Bernie starts off saying he sympathizes with Trump voters, says their pain is real, they're not racists, and what Trump promised during the campaign were good things -- healthcare for all, no cutting the social safety net, Drain the Swamp, drug companies are ripping us off, trade deals should bring back manufacturing jobs, etc.
He tells the few boo-ers in the audience not to boo Trump voters or the issues that Trump ran on. (His audience at rallies are mostly partisan retards who can only voice approval for universal healthcare if Bernie rather than Trump is promoting it.)
Then he lists the various ways in which the agenda being pursued so far contradicts what Trump ran on, and calls on Trump to promise to veto any bill that betrays his promises from the campaign regarding the social safety net, drug prices, etc.
He's insightful and pragmatic enough to put most of the blame on Congressional Republicans, who everybody hates and who deserve the blame for where things have gone so far. But he doesn't quite go as far as the truth, to portray Trump as being isolated and held hostage by "his own" party, which would make Trump more sympathetic, and perhaps antagonize Trump voters into a bitter GOP primary campaign rather than just switching over to Bernie-style Democrats.
It would be the most devastating blow he could deliver to the opposition party -- "I understand where you were coming from, but you voted for Trump and wound up with the GOP instead." As it is, he portrays Trump as having lied and deceived voters during the campaign. Not believable, given the immense punishment he took and the sacrifices he made without any guarantee of victory.
A more crippling frame would be that Trump intended to do everything he said during the campaign, but that one man -- and an outsider at that -- was not enough to overcome the machinery of the GOP while in office. Maybe that doesn't win over his voters to Democrats, maybe it just drives the Republicans back into civil war. Either way, that's the way he should be framing it.
In these social media videos that edit together the sound bites from the rallies, the Bernie team even uses Trump's own TV appearances from the campaign to emphasize what he ran on. I think that has the effect of neutering the wrong claims of Trump being a deceiver -- we can tell from his voice and face that he sincerely wants to do what he's saying.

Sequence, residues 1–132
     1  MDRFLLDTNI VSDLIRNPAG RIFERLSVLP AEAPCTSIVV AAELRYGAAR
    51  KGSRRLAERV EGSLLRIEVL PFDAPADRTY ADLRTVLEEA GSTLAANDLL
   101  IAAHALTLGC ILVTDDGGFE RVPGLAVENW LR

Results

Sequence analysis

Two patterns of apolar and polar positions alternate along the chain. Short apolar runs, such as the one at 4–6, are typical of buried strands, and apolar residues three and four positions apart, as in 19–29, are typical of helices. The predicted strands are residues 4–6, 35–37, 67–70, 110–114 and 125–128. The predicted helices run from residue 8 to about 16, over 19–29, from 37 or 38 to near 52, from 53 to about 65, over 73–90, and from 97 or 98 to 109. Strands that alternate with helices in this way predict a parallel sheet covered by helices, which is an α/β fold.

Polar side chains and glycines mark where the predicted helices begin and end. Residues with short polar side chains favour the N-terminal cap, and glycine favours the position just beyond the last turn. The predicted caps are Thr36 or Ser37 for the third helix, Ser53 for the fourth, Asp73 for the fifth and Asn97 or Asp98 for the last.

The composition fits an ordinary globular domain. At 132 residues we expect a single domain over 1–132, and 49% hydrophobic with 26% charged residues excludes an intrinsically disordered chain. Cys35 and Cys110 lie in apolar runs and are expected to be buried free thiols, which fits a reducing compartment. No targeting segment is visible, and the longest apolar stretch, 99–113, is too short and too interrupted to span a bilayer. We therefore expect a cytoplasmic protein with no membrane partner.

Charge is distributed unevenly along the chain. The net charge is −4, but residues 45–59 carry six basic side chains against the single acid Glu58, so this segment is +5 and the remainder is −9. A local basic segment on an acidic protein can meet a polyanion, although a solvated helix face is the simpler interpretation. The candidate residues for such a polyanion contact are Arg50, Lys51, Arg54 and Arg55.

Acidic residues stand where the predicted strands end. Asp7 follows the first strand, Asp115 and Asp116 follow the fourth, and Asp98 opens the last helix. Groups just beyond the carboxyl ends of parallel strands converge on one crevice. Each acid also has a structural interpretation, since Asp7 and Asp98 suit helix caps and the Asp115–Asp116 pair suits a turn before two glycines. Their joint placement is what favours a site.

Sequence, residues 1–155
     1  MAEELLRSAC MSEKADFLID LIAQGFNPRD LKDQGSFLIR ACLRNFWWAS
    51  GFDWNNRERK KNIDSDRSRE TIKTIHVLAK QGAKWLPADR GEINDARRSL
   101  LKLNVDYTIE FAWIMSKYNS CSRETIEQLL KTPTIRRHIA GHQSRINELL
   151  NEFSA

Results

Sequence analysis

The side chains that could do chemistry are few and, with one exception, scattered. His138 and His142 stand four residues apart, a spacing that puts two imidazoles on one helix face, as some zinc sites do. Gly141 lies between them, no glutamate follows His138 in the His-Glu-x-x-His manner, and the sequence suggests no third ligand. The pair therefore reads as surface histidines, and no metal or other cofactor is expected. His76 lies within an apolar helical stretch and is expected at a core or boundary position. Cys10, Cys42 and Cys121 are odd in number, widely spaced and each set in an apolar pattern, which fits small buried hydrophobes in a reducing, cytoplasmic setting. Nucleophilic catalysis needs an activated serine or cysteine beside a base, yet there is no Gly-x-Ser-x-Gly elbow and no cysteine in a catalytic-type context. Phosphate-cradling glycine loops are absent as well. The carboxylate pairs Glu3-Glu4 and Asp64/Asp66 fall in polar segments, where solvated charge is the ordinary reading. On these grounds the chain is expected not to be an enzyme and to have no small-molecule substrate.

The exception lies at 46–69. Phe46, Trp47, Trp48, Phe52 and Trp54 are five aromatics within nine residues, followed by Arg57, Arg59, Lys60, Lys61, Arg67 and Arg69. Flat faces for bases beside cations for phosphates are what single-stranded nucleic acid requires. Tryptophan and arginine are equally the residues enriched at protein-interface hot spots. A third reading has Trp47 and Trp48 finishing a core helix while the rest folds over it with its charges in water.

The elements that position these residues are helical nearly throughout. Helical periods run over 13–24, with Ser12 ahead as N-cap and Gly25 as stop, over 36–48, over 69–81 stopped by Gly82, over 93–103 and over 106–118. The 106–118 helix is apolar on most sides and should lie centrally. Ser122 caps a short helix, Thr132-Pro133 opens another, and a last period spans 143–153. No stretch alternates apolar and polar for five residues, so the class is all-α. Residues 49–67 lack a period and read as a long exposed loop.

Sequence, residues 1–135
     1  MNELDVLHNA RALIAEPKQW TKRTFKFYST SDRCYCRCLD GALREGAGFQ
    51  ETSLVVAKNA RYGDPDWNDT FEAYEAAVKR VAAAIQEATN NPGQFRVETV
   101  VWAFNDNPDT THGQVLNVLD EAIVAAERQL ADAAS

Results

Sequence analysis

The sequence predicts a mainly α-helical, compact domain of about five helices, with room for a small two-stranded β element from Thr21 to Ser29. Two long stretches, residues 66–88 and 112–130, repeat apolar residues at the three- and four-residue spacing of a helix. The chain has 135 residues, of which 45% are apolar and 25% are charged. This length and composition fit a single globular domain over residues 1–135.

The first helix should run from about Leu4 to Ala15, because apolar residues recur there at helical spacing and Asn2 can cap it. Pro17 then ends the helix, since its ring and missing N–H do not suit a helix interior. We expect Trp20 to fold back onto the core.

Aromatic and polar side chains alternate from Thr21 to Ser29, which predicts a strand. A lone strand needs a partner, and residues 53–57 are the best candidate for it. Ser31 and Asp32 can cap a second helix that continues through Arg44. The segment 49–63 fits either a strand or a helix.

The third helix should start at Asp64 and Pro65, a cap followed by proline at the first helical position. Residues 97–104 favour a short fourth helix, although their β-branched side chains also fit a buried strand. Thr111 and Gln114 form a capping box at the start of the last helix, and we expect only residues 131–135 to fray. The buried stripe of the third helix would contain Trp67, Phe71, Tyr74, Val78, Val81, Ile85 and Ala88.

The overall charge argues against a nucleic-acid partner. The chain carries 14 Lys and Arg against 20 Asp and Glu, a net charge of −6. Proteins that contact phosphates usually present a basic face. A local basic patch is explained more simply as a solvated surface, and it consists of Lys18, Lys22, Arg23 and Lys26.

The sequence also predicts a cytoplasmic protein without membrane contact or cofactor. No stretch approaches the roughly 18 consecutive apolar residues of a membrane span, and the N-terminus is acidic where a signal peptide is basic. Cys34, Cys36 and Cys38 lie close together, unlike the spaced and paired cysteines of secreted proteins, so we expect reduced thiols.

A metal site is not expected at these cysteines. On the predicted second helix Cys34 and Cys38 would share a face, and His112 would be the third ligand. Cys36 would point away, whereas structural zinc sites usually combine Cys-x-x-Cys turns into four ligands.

However we have to hold the GOP's feet to the fire, we have to do it. And Trump's feet, to the extent that he has chosen to hitch his wagon to the falling star of Republicanism. Backing away from "let's let Assad stay in power" we can understand -- the Pentagon elites and CIA could have threatened to assassinate his family and have the IRS seize his family's wealth.
But they're not literally holding him hostage over tax cuts for the rich and destroying Medicare. He has more wiggle room there, and should distance himself as far as possible from austerity measures.
It's time for some kind of campaign about "Trump voters against GOP economics". It would be best to partner with the Bernie people, since they are organized and we are not, and since it would emphasize the bipartisan support for the social safety net, protectionist trade deals, and universal healthcare among citizens (if not among the elites).
We should set aside the fact that they are not America-firsters -- because neither is the GOP, and Trump's "own party" has taken extreme measures to railroad the Trumpian nationalists out of the government. If both parties are globalist for the time being, we might as well strategically ally with the one that is more open to populism than corporate elitism, while trying to build a better America-first party to repeal-and-replace the Republican party.
* Remember when, during the transition and pre-Pentagon coup, Trump negotiated down $600 million from the F-35 contract going to Lockheed Martin? He must have gotten a talking to by the military elite, and has not tried to get more bang for the buck on military equipment ever since. Indeed, Congress delivered an even larger defense budget than what Trump had asked for.